Why an Earth-Shelter

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EarthShelter House Spring
EarthShelter House Spring

Why an earth-sheltered home?

Before I discovered this underground house I had spent time looking for the ‘right’ house. You know, the one that speaks to you. When I spotted this house, with it’s native rock front set in a peaceful clearing surrounded by woods…. I knew that all those years spent reading Mother Earth News magazines were going to be beneficial. This house had everything I’d dreamed of, space, solitude, thermal qualities, tornado safe…. the works.

I think my favorite quality of the house is in it’s thermal mass. Because we’re covered on dirt on the top, and three sides, we have a great amount of thermal mass. When summertime temperatures rage the inside of the house stays relatively cool and as summertime passes, what heat that has been stored slowly slowly dissipates so that we rarely turn any heat on prior to Thanksgiving. (And then it’s for guests.)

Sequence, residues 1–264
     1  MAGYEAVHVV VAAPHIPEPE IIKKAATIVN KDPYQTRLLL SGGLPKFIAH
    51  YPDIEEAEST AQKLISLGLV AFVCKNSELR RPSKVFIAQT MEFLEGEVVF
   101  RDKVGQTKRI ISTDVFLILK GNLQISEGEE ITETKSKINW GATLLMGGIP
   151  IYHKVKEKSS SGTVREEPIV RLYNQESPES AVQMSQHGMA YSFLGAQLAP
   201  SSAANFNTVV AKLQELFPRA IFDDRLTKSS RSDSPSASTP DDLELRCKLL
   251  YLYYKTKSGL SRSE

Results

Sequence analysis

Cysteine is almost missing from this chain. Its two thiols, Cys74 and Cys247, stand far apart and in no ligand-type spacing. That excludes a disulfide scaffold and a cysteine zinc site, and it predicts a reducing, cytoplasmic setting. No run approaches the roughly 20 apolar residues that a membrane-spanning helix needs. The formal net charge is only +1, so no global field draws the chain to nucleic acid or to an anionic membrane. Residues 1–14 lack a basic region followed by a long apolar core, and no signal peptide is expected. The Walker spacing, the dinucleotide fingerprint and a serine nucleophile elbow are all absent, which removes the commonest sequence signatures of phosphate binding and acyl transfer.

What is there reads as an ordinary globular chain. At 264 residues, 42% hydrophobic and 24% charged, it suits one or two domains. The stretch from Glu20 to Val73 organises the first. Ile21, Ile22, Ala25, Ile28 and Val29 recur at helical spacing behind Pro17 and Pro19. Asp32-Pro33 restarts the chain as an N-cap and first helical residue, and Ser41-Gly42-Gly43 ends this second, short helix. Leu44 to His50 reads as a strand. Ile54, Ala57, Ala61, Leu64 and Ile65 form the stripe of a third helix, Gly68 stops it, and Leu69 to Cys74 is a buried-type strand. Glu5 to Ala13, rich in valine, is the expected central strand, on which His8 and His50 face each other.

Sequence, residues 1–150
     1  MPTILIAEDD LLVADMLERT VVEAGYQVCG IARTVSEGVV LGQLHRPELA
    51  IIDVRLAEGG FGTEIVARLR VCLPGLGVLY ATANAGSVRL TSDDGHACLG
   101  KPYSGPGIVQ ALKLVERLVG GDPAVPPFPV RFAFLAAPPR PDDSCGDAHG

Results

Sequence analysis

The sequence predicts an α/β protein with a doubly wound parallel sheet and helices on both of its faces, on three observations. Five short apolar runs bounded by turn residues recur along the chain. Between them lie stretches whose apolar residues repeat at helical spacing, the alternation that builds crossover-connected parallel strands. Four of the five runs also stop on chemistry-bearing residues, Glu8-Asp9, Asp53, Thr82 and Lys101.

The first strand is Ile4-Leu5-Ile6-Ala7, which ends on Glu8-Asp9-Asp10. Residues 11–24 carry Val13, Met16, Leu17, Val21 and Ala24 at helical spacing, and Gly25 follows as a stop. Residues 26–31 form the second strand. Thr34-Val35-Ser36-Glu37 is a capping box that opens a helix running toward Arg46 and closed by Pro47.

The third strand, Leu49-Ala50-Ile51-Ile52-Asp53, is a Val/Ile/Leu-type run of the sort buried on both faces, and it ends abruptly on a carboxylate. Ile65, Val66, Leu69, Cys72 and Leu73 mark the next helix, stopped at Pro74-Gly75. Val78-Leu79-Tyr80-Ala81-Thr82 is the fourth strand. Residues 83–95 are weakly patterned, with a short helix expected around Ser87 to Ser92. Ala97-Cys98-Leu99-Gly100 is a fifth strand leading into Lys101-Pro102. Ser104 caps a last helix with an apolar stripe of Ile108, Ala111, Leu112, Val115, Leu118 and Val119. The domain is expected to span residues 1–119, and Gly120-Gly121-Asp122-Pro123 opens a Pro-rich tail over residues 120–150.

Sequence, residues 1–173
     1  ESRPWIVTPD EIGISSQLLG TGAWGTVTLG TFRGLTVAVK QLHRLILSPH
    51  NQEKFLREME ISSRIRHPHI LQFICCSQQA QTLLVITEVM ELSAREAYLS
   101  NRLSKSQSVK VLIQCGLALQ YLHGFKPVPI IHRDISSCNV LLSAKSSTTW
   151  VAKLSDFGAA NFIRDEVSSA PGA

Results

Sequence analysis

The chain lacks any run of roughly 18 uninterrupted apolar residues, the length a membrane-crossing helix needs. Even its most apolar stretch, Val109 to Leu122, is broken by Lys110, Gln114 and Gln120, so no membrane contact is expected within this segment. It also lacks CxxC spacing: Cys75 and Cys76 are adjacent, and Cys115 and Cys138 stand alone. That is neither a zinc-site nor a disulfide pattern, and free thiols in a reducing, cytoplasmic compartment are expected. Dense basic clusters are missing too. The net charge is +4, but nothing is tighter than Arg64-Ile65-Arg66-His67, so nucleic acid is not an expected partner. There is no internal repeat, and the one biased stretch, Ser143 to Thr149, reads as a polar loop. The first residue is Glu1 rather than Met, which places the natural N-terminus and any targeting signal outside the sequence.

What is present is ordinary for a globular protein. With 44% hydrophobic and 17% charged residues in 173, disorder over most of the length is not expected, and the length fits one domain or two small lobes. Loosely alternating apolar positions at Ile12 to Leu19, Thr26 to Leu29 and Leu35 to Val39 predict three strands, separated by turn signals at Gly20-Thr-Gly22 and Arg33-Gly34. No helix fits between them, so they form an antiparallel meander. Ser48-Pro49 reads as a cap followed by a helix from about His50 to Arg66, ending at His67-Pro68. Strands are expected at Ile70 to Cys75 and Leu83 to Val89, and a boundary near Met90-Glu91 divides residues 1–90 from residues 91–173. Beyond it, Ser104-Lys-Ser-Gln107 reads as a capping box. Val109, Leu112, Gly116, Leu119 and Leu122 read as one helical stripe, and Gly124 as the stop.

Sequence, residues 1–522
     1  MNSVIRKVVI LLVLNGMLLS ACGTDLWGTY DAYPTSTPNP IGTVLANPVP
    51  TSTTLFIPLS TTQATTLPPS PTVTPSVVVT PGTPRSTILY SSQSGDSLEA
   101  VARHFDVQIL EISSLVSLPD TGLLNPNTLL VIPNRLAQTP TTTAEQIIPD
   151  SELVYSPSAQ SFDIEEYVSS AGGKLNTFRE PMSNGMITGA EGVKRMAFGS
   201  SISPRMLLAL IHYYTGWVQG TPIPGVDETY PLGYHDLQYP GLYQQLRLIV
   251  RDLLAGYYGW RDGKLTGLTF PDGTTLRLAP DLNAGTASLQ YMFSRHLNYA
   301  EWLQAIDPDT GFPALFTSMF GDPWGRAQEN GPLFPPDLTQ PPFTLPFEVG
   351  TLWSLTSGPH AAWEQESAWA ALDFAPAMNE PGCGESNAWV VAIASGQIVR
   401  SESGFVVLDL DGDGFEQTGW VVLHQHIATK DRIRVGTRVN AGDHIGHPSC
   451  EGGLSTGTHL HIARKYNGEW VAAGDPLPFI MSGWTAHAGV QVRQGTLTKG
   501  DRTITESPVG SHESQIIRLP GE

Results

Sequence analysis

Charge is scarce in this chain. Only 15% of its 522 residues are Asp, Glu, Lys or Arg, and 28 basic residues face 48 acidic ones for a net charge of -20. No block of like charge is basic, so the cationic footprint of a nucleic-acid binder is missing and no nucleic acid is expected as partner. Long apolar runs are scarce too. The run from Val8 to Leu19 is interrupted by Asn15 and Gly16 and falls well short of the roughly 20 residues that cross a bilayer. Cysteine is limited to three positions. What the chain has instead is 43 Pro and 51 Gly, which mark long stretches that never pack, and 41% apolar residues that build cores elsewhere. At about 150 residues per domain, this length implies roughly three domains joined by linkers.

Even when the temperatures outside drop to freezing (and below) the house still maintains heat. Now, it doesn’t stay 78 by any means, the temps inside slowly go down to about 68. This means that if you aren’t comfortable at 68 then all you have to heat is a couple of degrees, and not 10-20-30 degrees like you would in a normal house.

One winter, I placed an electronic thermometer near the garage door just to see exactly how cool it gets in the garage (as there is no heat in the garage.) I store some food-stuffs in the garage and while I was pretty sure that there were no wild temperature fluctuations I wanted to make sure.

I was right. Even in the unheated garage, with the garage door being opened/shut, the temperature near the door never went below 55 degrees. Perfect storage temperatures.

Come springtime, it’s the exact opposite. The house holds onto it’s cooler temps so that when it does get hot outside and the temp starts creeping upward there’s less temperature difference that the heat pump has to make up. It’s a lot easier to cool from 78 to 72 than it would be a normal house (where temps can creep up to the 90’s in the heat of summer.) In fact, we rarely turn the cool air on until June.

This thermal mass and temperature moderating effects of this unconventional house certainly helps with heating and cooling costs.